1. Stan Musial
  1. General
  2. Awards
  3. Career Stats
  • Born: November 21, 1920 in Donora, PA USA
  • Weight: 175 lbs.
  • Height: 6'0"
  • Bats: L
  • Throws: L
  • Debut: September 17, 1941
  • Final Game: September 29, 1963
  • Baseball Magazine All-Star - 1943
  • Baseball Magazine All-Star - 1943
  • Most Valuable Player - 1943
  • TSN All-Star - 1943
  • TSN Guide MVP - 1943
  • Baseball Magazine All-Star - 1944
  • Baseball Magazine All-Star - 1944
  • TSN All-Star - 1944
  • Baseball Magazine All-Star - 1946
  • Baseball Magazine All-Star - 1946
  • Most Valuable Player - 1946
  • TSN All-Star - 1946
  • TSN Major League Player of the Year - 1946
  • Baseball Magazine All-Star - 1948
  • Baseball Magazine All-Star - 1948
  • Most Valuable Player - 1948
  • TSN All-Star - 1948
  • TSN Player of the Year - 1948
  • Baseball Magazine All-Star - 1949
  • Baseball Magazine All-Star - 1949
  • TSN All-Star - 1949
  • Baseball Magazine All-Star - 1950
  • Baseball Magazine All-Star - 1950
  • TSN All-Star - 1950
  • TSN All-Star - 1951
  • TSN Major League Player of the Year - 1951
  • TSN Player of the Year - 1951
  • TSN All-Star - 1952
  • TSN All-Star - 1953
  • TSN All-Star - 1954
  • Lou Gehrig Memorial Award - 1957
  • TSN All-Star - 1957
  • TSN Player of the Year - 1957
  • TSN All-Star - 1958
 
ABRHHRRBISBAVG
1097219493630475195178 0.331
 

When you talk about the greatest hitter in history Stan “The Man” Musial is often discussed, and why wouldn’t he be?  Musial played his entire career with the St. Louis Cardinals where he smacked 3,630 Hits (amazingly with an even amount Home and Away), which is still enough for fourth all-time and is the most for any single team.  Musial was incredibly consistent for years and he was a six time National League Hits leader with three second place finishes and two third place finishes and with that kind of production you can imagine there would be multiple Batting Titles.  That was in fact the case as he won that accolade in 1943, 1946, 1948, 1950, 1951, 1952 & 1957 and it took until his 18th season to see him bat under .300. 

While some hitters with high Batting Averages don’t necessarily elevate that with an appropriate On Base Percentage that was not the case for “The Man”.  He was a six time leader in OBP with fourteen seasons over .400 with a career number of .417.  In terms of power, Musial was no slouch.  While he never would win the Home Run title he would achieve 30 or more Home Runs six times and finished with 475 overall.  Musial was also a two time RBI Champion with 10 seasons of three digits while also being an eight time Doubles and five time Triples leader.

Arguably, Musial was the best player in baseball in the 1940’s.  He would lead the Redbirds to World Series Championships in 1942, 1944 and 1946 while being named the National League MVP in 1943, 1946 and 1948.  He was the runner-up for that award four times (1949, 1950, 1951 & 1957) and he was a 24 time All Star.  He retired with a Slash Line of .331/.417/.559, the elusive career 3/4/5!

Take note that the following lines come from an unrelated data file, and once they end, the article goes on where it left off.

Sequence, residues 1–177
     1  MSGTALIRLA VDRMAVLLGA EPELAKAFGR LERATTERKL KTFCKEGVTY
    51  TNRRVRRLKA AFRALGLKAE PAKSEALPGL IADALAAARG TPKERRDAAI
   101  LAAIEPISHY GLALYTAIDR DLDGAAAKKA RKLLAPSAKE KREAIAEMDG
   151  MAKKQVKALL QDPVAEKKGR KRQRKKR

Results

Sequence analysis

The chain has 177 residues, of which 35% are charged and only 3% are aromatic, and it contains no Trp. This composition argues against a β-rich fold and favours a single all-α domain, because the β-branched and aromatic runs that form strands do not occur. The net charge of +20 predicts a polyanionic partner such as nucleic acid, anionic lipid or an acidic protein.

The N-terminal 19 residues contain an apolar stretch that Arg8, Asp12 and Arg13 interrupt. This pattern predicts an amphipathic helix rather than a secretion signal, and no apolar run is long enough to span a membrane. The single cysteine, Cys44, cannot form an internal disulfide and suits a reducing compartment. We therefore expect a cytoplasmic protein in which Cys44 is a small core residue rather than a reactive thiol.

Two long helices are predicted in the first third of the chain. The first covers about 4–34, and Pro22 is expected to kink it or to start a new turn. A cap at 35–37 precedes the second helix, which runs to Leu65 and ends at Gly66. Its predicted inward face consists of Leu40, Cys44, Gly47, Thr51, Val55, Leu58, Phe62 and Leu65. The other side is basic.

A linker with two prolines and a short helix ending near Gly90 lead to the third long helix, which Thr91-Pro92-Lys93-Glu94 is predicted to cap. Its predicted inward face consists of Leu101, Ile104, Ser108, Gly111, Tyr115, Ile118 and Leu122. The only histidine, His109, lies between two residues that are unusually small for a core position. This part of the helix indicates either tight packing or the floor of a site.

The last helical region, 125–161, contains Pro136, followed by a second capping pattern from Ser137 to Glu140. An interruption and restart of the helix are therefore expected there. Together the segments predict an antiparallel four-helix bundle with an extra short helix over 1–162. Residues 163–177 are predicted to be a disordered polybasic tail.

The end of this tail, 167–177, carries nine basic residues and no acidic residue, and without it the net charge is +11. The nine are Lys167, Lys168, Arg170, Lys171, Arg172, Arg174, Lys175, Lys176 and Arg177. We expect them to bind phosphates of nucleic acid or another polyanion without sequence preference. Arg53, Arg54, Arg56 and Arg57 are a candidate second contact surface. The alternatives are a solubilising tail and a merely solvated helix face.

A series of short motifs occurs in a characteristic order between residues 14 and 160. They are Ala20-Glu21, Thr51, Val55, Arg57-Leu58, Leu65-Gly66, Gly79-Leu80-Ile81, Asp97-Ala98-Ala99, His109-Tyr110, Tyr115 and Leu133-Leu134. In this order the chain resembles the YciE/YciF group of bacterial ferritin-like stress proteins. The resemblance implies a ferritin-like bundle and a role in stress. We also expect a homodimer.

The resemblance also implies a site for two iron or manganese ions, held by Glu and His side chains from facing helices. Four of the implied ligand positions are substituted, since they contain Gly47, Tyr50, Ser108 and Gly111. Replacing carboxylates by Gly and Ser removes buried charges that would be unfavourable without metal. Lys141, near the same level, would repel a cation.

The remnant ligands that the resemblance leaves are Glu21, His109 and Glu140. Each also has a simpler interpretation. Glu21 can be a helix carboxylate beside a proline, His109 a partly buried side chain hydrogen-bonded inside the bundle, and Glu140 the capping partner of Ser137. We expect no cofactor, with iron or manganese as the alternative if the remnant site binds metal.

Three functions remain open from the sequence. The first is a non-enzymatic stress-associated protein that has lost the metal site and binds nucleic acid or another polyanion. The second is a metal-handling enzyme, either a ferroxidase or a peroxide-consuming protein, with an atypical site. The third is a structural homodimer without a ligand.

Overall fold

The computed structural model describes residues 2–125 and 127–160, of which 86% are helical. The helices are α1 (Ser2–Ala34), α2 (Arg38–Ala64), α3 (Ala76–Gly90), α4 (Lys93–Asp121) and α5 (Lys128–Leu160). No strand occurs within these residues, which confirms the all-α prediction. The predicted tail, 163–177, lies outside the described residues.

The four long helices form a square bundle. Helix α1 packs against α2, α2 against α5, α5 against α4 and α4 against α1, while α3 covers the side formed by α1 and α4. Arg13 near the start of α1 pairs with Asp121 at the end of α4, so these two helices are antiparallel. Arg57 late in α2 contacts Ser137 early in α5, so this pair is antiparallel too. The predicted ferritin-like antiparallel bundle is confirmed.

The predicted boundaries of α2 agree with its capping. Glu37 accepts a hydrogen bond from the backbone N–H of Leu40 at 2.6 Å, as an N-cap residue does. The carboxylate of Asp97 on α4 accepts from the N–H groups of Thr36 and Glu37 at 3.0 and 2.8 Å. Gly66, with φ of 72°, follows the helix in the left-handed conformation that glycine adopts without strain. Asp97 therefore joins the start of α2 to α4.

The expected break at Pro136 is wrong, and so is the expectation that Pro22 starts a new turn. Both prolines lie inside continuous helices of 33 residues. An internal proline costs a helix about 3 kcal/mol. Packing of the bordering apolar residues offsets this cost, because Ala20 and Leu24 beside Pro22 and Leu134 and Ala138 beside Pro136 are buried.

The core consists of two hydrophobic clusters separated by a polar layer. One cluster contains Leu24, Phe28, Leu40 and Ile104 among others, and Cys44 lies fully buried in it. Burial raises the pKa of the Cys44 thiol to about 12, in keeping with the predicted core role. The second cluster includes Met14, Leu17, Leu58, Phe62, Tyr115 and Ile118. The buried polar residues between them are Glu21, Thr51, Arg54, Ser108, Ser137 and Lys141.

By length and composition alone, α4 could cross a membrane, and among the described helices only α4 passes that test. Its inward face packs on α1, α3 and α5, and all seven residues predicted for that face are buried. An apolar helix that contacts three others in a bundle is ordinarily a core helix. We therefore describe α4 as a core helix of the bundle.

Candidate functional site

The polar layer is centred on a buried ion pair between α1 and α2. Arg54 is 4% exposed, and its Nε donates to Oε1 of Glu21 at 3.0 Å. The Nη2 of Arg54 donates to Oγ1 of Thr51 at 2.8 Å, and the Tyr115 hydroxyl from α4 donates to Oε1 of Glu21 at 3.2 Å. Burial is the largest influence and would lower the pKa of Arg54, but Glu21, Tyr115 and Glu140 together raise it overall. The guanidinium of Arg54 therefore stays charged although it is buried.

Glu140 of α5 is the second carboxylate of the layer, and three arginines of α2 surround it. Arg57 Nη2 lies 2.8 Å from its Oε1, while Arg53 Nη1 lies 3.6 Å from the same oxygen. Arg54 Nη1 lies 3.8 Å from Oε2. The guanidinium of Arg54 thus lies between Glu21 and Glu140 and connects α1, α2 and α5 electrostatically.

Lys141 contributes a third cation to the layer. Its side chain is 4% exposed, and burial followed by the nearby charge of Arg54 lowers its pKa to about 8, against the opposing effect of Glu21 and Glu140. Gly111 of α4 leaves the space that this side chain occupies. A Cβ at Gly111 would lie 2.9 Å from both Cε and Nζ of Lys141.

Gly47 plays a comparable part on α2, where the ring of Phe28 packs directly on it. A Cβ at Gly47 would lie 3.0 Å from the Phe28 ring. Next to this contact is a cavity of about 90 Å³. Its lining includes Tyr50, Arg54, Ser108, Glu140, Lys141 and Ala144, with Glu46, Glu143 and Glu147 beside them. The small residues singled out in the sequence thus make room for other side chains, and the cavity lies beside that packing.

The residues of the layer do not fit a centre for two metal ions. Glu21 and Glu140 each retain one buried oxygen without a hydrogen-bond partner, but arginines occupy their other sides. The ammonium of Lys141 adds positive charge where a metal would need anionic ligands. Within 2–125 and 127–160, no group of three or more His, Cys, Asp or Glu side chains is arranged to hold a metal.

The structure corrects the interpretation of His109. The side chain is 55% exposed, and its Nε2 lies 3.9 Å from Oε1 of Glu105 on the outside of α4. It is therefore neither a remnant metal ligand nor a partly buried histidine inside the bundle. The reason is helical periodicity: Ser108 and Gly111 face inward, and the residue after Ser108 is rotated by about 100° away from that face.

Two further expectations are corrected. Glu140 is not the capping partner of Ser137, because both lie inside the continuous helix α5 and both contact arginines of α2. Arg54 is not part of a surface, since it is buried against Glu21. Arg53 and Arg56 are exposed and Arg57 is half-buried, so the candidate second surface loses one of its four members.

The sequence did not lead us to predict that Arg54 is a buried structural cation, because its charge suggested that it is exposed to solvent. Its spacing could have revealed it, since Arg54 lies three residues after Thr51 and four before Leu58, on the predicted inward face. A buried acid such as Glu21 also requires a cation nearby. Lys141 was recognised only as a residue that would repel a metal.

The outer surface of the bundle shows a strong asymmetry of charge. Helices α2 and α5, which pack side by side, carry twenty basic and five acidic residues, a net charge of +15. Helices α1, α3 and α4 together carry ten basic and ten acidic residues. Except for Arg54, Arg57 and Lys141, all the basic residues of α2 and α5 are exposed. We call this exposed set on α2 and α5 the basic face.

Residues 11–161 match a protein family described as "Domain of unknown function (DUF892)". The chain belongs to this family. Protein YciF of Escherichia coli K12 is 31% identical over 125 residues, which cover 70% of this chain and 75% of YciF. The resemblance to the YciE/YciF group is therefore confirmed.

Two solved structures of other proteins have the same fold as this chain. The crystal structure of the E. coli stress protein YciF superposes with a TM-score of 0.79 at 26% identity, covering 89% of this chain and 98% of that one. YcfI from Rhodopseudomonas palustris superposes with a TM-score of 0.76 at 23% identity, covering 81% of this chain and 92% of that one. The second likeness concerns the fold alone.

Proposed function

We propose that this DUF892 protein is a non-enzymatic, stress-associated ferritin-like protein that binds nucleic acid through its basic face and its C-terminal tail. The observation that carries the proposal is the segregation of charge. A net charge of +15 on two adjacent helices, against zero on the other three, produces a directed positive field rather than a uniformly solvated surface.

Fittingly, Stan Musial was selected into the Baseball Hall of Fame in 1969 on his first year of eligibility.

The Bullet Points

  • Position: First Base, Outfield
  • Acquired: Signed as an Amateur Free Agent before the 1938 Season.
  • Departed: Retired after the 1963 Season.
  • Games Played: 3026
  • Notable Statistics:

    1,949 Runs Scored
    3,630 Hits
    725 Doubles
    177 Triples
    475 Home Runs
    1,951 RBI
    78 Stolen Bases
    .331/.417/.559 Slash Line
    128.2 bWAR

  • Major Accolades and Awards:

    World Series Champion (1942, 1944 & 1946)

    MVP (1943, 1946 & 1948)

    Major League Player of the Year Award (1946 & 1951)

    Lou Gehrig Award (1957)

    All Star (1943, 1944, 1946, 1947, 1948, 1949, 1950, 1951, 1952, 1953, 1954 1955, 1956, 1957, 1958, 1959, 1960, 1961, 1962 & 1963)

    Highest bWAR for Position Players (1943, 1944, 1946 & 1948)

    Highest Batting Average (1943, 1946, 1948, 1950, 1951, 1952 & 1957)

    Highest On Base Percentage (1943, 1944, 1948, 1949, 1953 & 1957)

    Highest Slugging Percentage (1943, 1944, 1955, 1948, 1950 & 1952)

    Highest OPS (1943, 1944, 1946, 1948, 1950, 1952 & 1957)

    Most At Bats (1946)

    Most Plate Appearances (1943 & 1946)

    Most Runs Scored (1946, 1948, 1951, 1952 & 1954)

    Most Hits (1943, 1944, 1946, 1948, 1949 & 1952)

    Most Total Bases (1943, 1946, 1948, 1949, 1951 & 1952)

    Most Doubles (1943, 1944, 1946, 1948, 1949, 1952, 1953 & 1954)

    Most Triples (1943, 1946, 1948, 1949 & 1951)

    Most Runs Batted In (1948 & 1956)

    Most Walks (1953)

    Highest OPS+ (1943, 1944, 1946, 1948, 1950 & 1952)

    Most Hit by Pitch (1955)

    Most Intentional Walks (1957 & 1958)

    Highest Stolen Base Percentage (1966 & 1968)

    Highest Win Probability Added (1946, 1948 & 1950)

    Most Double Plays Turned by a First Baseman (1957)

    Highest Range Factor per Game by a Leftfielder (1951)

    Highest Fielding Percentage by a Leftfielder (1953)

    Highest Range Factor per Game by a Rightfielder (1944)

    Highest Fielding Percentage by a Rightfielder (1943, 1949 & 1954)
Tagged under
More in this category: 2. Albert Pujols »

Add comment


Security code
Refresh